Liberia: Ebola treatment centre sets a new pace

October 2014

At the Island Clinic in Monrovia, Liberia the discharge of a patient who has recovered from Ebola virus disease inspires joy among all the health workers at the facility. Every life saved is another boost to morale.

Patients who recovered from Ebola virus disease, are discharged from hospital, Liberia, 2014
WHO/C. Black

“As we see fewer people dying, the health workers are becoming more confident about their work,” says Dr Atai Omoruto, a Ugandan doctor deployed to Liberia by WHO and is serving as officer in charge at the clinic. “Understandably, at the beginning the health workers were anxious, but with more people surviving they feel empowered and motivated to continue. They are also getting more comfortable working with protective equipment”.

“As we see fewer people dying, the health workers are becoming more confident about their work.”

Dr Atai Omoruto, Ugandan doctor and officer in charge at the Island Clinic

Dr Omoruto is part of a WHO-deployed team of Ugandan doctors and health workers. The group has vast experience in managing Ebola outbreaks, having faced many cases of this disease since 2000. The Ugandans work alongside nearly 600 Liberian colleagues treating patients and helping to maintain the strict infection control measures that are necessary at the centre.

Addressing risks for health workers

Health workers caring for people with Ebola virus disease are at high risk of becoming ill and dying from the disease. Since the beginning of the outbreak in Liberia, nearly 200 health workers across the country have been infected, and more than half of them have died from the disease. Continuous training and monitoring of infection control is crucial in protecting more health workers from being infected.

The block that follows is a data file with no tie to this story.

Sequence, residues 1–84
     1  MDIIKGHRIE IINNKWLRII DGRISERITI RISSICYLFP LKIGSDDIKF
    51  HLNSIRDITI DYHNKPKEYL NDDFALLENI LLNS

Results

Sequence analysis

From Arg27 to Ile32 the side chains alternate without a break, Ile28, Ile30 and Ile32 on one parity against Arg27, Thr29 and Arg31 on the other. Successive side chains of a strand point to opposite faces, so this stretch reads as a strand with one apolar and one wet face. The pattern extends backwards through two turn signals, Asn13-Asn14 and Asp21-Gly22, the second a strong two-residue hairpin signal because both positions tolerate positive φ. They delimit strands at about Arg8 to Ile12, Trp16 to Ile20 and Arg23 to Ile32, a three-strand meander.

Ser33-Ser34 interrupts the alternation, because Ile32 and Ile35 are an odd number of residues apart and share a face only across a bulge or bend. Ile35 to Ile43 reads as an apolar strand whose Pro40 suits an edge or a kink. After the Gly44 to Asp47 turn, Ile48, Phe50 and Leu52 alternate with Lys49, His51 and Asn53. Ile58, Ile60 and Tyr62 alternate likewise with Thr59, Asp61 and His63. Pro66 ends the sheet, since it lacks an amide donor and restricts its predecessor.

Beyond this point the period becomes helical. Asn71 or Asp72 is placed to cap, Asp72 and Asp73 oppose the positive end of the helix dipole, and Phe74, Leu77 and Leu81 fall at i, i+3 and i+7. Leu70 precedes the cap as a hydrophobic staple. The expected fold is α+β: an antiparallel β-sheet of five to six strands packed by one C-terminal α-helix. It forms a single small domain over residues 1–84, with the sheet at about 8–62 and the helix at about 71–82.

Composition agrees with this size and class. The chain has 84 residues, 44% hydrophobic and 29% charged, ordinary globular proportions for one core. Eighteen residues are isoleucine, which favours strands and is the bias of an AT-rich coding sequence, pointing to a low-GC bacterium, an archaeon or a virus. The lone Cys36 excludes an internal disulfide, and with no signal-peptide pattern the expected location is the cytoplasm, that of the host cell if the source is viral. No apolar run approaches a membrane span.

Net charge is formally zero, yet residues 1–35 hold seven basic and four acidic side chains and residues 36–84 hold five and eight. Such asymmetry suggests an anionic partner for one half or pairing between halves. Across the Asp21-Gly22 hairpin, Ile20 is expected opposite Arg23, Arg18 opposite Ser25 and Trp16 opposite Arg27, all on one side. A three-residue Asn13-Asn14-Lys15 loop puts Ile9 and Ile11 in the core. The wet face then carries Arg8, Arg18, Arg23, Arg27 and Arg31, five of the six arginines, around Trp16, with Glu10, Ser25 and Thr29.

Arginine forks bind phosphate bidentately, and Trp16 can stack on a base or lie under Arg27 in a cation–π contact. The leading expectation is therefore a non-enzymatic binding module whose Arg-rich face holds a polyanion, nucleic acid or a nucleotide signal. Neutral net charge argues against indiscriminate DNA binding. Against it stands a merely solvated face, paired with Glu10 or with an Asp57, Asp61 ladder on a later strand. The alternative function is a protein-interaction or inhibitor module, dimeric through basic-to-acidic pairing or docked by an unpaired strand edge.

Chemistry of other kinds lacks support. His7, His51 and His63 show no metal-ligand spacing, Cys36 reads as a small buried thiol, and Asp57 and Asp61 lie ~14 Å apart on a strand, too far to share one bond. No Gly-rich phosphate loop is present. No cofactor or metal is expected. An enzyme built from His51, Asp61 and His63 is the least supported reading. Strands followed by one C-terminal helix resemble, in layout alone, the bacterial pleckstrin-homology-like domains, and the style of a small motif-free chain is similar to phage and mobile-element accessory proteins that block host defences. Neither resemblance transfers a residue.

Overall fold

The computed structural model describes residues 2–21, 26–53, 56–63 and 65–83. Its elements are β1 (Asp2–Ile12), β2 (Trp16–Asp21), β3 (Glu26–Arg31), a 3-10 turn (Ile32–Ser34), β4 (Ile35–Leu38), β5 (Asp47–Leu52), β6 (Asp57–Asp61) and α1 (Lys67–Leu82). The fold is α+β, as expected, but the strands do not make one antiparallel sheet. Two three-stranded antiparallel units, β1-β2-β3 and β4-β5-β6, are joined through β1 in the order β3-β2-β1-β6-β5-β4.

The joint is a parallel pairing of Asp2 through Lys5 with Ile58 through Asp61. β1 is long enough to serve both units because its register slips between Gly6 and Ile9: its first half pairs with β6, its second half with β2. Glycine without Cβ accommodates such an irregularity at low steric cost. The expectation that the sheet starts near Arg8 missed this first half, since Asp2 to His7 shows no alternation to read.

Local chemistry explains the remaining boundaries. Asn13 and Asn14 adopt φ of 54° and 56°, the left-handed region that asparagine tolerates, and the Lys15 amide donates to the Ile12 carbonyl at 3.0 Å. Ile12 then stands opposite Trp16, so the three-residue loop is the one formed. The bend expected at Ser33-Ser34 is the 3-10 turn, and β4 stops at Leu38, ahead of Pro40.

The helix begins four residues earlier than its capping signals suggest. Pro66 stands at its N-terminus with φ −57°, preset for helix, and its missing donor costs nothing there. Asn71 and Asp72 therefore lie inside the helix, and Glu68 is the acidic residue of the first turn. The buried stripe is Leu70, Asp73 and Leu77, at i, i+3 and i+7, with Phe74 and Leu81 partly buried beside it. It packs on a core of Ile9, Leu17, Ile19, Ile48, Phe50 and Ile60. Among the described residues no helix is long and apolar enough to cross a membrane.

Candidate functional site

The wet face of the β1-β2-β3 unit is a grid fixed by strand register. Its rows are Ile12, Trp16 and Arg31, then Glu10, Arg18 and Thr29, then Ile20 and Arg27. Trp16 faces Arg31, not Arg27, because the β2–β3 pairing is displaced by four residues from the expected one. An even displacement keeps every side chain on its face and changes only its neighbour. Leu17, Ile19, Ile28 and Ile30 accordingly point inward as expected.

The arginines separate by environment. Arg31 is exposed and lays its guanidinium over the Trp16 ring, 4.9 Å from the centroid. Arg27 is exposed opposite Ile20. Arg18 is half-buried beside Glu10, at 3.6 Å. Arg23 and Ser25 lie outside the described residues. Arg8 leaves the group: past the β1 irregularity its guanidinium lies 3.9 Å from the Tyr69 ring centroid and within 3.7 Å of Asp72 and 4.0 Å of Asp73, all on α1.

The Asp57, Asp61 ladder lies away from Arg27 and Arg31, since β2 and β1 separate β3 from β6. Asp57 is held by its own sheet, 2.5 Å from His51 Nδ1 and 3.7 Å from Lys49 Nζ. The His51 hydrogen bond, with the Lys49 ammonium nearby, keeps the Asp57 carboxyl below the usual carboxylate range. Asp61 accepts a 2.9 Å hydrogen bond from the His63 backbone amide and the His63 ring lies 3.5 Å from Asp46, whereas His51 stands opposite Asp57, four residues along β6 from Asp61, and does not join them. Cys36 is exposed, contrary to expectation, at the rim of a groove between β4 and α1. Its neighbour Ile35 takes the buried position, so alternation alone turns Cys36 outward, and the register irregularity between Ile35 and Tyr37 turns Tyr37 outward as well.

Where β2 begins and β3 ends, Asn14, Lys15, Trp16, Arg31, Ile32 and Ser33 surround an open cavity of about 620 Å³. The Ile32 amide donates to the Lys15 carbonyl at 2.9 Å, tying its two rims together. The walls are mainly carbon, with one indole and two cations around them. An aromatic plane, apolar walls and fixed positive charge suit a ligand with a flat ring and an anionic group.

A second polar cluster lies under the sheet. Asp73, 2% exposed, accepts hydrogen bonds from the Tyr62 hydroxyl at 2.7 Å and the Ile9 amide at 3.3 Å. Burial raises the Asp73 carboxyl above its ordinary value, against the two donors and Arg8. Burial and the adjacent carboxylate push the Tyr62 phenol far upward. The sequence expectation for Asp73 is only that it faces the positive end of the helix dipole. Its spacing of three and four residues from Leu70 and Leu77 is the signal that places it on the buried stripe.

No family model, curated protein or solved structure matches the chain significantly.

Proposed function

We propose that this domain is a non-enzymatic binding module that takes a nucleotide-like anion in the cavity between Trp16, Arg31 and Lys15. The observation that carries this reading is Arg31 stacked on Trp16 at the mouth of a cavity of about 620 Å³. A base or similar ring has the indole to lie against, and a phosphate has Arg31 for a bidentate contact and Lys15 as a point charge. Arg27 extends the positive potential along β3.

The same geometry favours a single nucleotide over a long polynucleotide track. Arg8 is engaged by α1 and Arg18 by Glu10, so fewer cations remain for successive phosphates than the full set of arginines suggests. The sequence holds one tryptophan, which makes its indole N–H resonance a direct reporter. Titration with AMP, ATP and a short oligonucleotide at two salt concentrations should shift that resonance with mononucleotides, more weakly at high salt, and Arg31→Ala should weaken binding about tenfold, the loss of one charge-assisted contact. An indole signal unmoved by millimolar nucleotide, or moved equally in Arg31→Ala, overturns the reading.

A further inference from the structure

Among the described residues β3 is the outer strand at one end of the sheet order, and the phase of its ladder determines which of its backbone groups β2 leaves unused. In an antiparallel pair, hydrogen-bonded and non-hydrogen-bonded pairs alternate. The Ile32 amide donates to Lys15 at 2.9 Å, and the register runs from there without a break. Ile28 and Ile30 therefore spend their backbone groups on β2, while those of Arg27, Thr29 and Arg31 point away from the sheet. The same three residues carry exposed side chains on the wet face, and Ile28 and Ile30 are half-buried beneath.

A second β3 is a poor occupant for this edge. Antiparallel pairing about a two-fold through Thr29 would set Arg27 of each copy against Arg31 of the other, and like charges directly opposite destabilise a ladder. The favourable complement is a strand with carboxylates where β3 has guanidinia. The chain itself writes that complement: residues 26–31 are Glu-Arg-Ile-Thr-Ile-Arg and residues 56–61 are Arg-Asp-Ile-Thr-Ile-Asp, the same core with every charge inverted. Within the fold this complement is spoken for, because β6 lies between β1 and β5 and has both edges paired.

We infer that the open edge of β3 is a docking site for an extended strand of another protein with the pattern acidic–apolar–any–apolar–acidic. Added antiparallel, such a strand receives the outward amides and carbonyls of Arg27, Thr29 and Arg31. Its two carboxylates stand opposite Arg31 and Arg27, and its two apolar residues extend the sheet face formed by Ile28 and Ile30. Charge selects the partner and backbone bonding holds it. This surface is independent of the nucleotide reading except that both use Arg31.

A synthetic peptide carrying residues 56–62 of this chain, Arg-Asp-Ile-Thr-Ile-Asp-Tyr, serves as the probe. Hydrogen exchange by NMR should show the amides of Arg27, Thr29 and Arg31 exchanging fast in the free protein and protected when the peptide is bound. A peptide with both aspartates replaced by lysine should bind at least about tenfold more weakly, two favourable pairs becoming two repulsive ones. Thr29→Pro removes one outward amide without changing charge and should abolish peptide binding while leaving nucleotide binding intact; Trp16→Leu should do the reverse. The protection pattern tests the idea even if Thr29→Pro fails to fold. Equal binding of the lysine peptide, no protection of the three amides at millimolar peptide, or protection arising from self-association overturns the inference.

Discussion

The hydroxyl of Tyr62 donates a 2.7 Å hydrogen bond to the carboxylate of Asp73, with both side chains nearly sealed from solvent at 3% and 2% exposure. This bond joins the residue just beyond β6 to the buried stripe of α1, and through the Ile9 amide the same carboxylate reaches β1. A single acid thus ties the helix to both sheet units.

Jackie Sudue, a Liberian nurse, became infected with Ebola virus early in September while handling the corpse of an individual who was believed incorrectly not to have died of Ebola. After spending two weeks in a treatment centre she recovered and tested negative for Ebola virus on 24 September.

“I will start working tomorrow at the Island Clinic,” Ms Sudue says. “I wish I could work on psychosocial support, but working on a ward would be fine too. Being an Ebola survivor helps me to better understand patients.”

Discharges increasing

After being refurbished by the Liberian Ministry of Health and Social Welfare with support from WHO and other partners, the Island Clinic opened its doors as an Ebola treatment centre on 21 September. The centre filled to capacity within 24 hours.

“The first days were very intense. Many people were coming in and we did not know if they had Ebola virus disease or not. Others were already in a late stage of infection and were dying upon arrival,” Dr Omoruto says. On average 15-20 patients are currently being admitted to the clinic every day.

Patients who recovered from Ebola virus disease, are discharged from hospital, Liberia, 2014
WHO/C. Black

The Island Clinic was originally intended to have 120 beds but sometimes stretches its capacity to care for up to 210 patients.

Now as laboratory testing is starting to keep pace with admissions and potential discharges, more people are able to leave the clinic. On 26 September, 26 people were discharged, leaving some 160 patients inside the clinic. Early in October, the United States Centers for Disease Control and Prevention will begin operating a laboratory inside the clinic, which is expected to accelerate clinical decision-making.

For one patient, Mr Nyenati Kaffia, leaving was bittersweet. “I lost my son but my daughter recovered; we are going home now.”